Just 10 Steps: UNICEF joins Government to urge healthcare workers to promote exclusive breastfeeding
ABUJA, 3 August 2010—As they continue to celebrate World Breastfeeding Week, Nigeria and UNICEF are calling on health professionals to encourage new mothers to breastfeed their babies exclusively for the first six months.
The information that mothers receive from healthcare providers exerts a strong influence on their attitudes to breastfeeding.
“Breast milk completely meets an infant’s nutritional requirements, and protects babies from dangerous illnesses,” said Dr. Suomi Sakai, UNICEF Representative in Nigeria. “Nothing protects a newborn’s life better than exclusive breastfeeding for the first six months of life.” “Nothing protects a newborn’s life better than exclusive breastfeeding for the first six months of life.”
The theme for this year’s World Breastfeeding Week is Breastfeeding: Just 10 Steps—the Baby-friendly Way. The 10 Steps, introduced by WHO and UNICEF in 1989 and adopted by more than 1,100 maternities in Nigeria, call on every facility providing healthcare for pregnant women, new mothers and newborns to:Have a written breastfeeding policy that is routinely communicated to all health care staff. Train all health care staff in skills necessary to implement this policy. Inform all pregnant women about the benefits and management of breastfeeding. Help mothers initiate breastfeeding within 30 minutes of birth. Show mothers how to breastfeed, and how to maintain lactation even if they should be separated from their infants. Give newborn infants no food or drink other than breast milk unless medically indicated. Practice rooming in - allow mothers and infants to remain together - 24 hours a day. Encourage breastfeeding on demand. Give no artificial teats or pacifiers (also called dummies or soothers) to breastfeeding infants. Foster the establishment of breastfeeding support groups and refer mothers to them on discharge from the hospital or clinic.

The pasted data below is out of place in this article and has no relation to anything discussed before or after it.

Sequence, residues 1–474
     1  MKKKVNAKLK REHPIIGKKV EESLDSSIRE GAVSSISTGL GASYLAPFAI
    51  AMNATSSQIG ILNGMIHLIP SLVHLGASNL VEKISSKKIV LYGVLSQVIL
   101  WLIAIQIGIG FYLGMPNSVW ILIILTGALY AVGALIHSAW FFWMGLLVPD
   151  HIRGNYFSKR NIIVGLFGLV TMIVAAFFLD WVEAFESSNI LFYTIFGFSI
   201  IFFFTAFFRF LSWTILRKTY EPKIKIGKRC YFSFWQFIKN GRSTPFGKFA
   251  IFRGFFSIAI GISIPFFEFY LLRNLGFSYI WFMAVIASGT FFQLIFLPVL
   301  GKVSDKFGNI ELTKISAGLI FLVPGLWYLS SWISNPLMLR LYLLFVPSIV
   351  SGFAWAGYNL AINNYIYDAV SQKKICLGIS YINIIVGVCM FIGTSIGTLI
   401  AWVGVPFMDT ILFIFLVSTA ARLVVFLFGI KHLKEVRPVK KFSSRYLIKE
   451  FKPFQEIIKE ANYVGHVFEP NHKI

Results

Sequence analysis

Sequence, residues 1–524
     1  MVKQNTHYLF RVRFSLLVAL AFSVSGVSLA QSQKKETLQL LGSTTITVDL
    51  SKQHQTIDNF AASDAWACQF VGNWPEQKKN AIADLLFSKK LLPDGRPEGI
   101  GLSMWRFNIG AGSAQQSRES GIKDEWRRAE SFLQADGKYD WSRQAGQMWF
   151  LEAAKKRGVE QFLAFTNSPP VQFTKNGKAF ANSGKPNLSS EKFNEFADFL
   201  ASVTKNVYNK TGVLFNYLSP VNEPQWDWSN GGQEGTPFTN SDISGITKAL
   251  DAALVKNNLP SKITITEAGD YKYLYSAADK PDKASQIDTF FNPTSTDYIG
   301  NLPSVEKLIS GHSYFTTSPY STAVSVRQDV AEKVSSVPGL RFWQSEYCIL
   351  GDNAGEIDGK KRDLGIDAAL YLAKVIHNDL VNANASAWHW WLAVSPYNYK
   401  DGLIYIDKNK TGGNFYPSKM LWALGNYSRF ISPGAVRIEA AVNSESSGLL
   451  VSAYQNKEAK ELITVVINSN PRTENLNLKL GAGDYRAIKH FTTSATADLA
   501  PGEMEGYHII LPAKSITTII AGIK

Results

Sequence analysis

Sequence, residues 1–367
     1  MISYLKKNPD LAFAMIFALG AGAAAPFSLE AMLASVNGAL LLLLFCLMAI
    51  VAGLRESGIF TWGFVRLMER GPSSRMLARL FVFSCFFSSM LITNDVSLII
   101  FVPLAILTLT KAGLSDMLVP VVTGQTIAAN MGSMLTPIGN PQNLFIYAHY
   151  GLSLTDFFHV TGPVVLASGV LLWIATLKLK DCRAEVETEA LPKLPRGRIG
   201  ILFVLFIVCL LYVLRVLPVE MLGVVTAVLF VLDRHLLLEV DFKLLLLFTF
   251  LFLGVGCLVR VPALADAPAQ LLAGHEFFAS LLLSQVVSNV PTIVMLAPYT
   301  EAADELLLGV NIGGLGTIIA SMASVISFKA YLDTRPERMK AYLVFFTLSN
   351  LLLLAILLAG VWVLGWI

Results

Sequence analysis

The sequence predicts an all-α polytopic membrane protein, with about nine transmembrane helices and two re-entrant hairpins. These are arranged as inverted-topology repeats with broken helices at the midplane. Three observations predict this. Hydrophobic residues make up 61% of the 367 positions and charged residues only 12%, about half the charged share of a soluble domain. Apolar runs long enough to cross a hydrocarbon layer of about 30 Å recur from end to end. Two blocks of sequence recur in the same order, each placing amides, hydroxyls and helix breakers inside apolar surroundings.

These 10 Steps apply equally to mothers who are HIV-positive: the Government of Nigeria, in line with WHO guidelines, promotes exclusive breastfeeding among new mothers who are HIV-positive while providing them with antiretroviral drug therapy to reduce the risk of transmitting HIV through breast milk.
In Nigeria, the rate of exclusive breastfeeding increased significantly from 2 per cent in 1990 to 17 per cent in 2003—but then fell to 13 per cent in 2008. Some of the reasons are inadequate training for healthcare workers, weak application of the 10 Steps, lack of knowledge, and cultural practices and beliefs.
Undernutrition—failure to breastfeed exclusively for the first six months being one of its key causes—is having a devastating effect on the lives of the youngest among us: it is estimated to be the underlying cause of death in up to half of the 1.2 million children under five years old who die in Nigeria every year. Undernutrition—failure to breastfeed exclusively for the first six months being one of its key causes—is having a devastating effect on the lives of the youngest among us: it is estimated to be the underlying cause of death in up to half of the 1.2 million children under five years old who die in Nigeria every year.
Whether they deliver in a maternity clinic or at home, women have the right to learn about the benefits of exclusive breastfeeding and be encouraged to practise it. It is vitally important that new mothers find support for exclusive breastfeeding not only in the primary health care system, but in their families, the community, and the workplace as well.
UNICEF, with the BBC World Service Trust, has just created a series of public service announcements about exclusive breastfeeding in Pidgin and Hausa. They will be broadcast on radio across the country, and will soon be available on its website from http://www.unicef.org/nigeria/media.html
“We hope,” said Dr. Sakai, “that breastfeeding will become a topic of conversation everywhere.”
World Breastfeeding Week
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